The study was done on land owned by Iowa State University called the Marsden Farm. On 22 acres of it, beginning in 2003, researchers set up three plots: one replicated the typical Midwestern cycle of planting corn one year and then soybeans the next, along with its routine mix of chemicals. On another, they planted a three-year cycle that included oats; the third plot added a four-year cycle and alfalfa. The longer rotations also integrated the raising of livestock, whose manure was used as fertilizer.
The results were stunning: The longer rotations produced better yields of both corn and soy, reduced the need for nitrogen fertilizer and herbicides by up to 88 percent, reduced the amounts of toxins in groundwater 200-fold and didn’t reduce profits by a single cent.
In short, there was only upside — and no downside at all — associated with the longer rotations. There was an increase in labor costs, but remember that profits were stable. So this is a matter of paying people for their knowledge and smart work instead of paying chemical companies for poisons. And it’s a high-stakes game; according to the Environmental Protection Agency, about five billion pounds of pesticidesare used each year in the United States.
Let them stand still for the bullet,
and stare the shooter in the eye,
let them die while the sound of the shot is in the air,
let them die as they fall,
let the jugular blood spring hot to the knife,
let its freshet be full,
let this day begin again the change of hogs into people,
not the other way around,
for today we celebrate again our lives’ wedding with the world,
for by our hunger, by this provisioning, we renew the bond.
“For the Hog Killing”, by Wendell Berry. Not wild about the poetry itself, but the sentiments behind it hit home for me; I’m keeping six hogs that I shall start slaughtering about seven weeks from now. From the just-posted interview, some of Berry’s commentary:
You see there was a whole system of practical acts that gathered in respect for the hog. In the culture that I grew up in, one of the firm laws of hog killing was never to make them squeal. If they squealed after you shot them, you had done a bad job. You had hurt them. Doing it well was an act of reverence—a practical, economic act—but at the same time, it was an act of reverence for the creation and for living things. You’re not going to find a big slaughterhouse with the ethical imperative, “don’t let them feel it.”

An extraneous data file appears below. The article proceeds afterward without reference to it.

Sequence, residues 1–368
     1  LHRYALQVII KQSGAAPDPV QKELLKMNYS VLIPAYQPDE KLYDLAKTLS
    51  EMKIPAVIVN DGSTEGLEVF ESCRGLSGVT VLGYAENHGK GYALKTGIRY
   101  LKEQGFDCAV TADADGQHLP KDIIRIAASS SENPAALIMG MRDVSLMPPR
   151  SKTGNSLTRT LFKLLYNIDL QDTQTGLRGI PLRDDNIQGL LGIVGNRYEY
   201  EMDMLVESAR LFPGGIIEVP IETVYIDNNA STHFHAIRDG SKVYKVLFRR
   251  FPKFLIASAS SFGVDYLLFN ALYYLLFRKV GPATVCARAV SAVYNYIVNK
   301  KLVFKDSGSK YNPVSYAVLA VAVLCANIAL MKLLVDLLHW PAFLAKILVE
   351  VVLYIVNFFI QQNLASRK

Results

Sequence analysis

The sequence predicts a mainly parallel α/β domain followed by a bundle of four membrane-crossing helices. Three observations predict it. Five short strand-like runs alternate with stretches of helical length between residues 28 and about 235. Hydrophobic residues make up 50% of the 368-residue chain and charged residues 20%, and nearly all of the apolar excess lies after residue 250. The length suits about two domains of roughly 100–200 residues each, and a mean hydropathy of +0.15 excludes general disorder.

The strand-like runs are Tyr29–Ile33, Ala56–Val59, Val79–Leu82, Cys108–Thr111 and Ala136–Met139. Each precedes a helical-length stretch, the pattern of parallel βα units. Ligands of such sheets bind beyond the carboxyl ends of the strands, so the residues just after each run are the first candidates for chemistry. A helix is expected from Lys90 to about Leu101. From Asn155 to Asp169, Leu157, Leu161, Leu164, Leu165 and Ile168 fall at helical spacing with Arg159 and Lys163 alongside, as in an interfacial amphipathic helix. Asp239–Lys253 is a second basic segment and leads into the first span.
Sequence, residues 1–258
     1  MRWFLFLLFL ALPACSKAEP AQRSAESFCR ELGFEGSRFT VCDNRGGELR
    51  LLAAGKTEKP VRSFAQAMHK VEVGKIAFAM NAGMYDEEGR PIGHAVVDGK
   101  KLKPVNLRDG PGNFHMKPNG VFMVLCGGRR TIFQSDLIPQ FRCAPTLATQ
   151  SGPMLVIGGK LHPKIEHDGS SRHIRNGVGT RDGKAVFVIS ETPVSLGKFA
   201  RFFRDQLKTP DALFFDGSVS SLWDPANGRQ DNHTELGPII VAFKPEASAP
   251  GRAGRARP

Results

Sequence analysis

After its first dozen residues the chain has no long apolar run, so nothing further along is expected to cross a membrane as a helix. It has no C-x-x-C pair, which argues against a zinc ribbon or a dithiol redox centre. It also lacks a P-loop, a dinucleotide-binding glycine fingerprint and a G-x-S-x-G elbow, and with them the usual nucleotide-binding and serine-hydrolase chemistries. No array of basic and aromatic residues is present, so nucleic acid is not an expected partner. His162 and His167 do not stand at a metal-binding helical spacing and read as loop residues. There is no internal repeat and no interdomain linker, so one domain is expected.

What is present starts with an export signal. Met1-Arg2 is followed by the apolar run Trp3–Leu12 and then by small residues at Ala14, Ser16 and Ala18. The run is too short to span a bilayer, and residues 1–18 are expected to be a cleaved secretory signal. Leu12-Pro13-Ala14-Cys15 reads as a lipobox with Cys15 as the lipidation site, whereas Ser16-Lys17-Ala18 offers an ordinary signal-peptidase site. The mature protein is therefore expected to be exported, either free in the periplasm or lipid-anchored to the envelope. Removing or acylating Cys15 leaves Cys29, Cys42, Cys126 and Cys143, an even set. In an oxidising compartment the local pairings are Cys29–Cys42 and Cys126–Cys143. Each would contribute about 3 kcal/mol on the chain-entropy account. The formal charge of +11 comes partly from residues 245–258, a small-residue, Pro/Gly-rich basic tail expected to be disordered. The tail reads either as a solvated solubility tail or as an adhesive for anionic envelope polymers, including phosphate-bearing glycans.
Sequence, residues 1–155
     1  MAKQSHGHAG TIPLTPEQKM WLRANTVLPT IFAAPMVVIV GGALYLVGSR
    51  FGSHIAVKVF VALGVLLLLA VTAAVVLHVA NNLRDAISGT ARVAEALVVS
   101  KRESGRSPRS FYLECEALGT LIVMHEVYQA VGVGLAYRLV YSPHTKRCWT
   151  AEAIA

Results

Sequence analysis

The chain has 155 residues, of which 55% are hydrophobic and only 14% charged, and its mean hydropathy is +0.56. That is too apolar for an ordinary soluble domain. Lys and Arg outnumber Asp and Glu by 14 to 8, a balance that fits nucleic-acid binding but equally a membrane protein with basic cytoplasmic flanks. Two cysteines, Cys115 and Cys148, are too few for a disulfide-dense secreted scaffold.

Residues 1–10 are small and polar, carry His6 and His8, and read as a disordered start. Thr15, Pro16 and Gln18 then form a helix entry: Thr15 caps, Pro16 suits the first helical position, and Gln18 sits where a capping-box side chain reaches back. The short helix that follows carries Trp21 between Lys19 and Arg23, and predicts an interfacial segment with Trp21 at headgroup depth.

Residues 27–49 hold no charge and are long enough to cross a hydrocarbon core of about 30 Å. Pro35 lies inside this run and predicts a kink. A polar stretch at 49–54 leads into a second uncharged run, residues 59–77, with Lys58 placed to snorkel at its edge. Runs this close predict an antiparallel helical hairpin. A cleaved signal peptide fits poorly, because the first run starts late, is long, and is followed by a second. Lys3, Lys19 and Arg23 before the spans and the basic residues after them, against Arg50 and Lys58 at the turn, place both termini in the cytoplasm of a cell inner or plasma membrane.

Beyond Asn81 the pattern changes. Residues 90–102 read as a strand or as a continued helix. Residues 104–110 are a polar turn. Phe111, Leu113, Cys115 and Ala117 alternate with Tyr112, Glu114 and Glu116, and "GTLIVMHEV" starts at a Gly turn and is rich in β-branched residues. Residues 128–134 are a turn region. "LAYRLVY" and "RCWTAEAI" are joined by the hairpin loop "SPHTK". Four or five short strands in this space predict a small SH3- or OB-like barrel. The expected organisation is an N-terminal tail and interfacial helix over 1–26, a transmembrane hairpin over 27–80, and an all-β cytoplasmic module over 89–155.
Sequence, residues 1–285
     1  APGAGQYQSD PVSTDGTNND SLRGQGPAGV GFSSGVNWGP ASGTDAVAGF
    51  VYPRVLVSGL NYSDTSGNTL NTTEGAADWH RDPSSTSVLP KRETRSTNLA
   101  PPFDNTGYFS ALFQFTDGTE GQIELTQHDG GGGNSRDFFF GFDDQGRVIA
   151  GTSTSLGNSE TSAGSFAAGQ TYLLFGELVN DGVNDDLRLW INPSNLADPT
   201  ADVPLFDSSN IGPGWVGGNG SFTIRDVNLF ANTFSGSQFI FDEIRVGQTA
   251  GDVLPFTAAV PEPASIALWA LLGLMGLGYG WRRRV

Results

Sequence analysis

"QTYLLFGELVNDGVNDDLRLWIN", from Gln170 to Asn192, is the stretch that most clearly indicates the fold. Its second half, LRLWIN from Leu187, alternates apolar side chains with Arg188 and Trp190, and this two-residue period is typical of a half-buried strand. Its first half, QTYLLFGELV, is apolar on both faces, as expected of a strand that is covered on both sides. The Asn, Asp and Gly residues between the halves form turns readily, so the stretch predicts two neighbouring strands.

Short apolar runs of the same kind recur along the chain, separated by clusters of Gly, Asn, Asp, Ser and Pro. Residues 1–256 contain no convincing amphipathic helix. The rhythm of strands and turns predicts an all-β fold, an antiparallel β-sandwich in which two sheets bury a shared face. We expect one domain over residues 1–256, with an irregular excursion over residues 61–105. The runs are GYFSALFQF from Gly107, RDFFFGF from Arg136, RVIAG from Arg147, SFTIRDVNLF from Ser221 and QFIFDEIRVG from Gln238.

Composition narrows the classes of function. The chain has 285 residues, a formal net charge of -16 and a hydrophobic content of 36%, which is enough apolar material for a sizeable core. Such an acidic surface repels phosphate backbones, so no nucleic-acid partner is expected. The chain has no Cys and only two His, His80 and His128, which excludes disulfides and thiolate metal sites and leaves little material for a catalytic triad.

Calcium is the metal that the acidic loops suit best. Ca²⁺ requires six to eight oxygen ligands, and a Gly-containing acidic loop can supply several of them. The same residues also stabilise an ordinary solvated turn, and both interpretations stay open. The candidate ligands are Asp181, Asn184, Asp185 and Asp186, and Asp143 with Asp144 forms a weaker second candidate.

Bad emergent properties, bad surprises, on that scale are the result of cultural failure—the unwillingness, even the inability, to be a good neighbor to one’s neighbors. As I knew them, hog killings were accomplished by neighbors working together. And what those people understood perfectly—and I don’t think the religious connection was ever brought out in church—was that you knew if you loved your neighbor, you had to get out of your chair. If I sit here in my chair and I say, “neighbor, I love you,” what the hell difference does it make? You have to be able to help. And when you’re needed, you have to go.
The old ethic—our rule in work at home—was, “nobody is done till everybody is done.” And when it was tobacco harvest, you knew you were going to be there till you and all your neighbors were done. You were going to be working together; you were going to be sweating together. We didn’t go around talking piously about loving each other, but we did love each other. It’s like a football team: you’ve been through a lot together; you know each other’s motions. You look at the figure of your neighbor on the horizon at his work, and you recognize every gesture with this profound sympathy that you feel in your own flesh. You know what he’s going to do. This is as intimate as knowing how to dance together.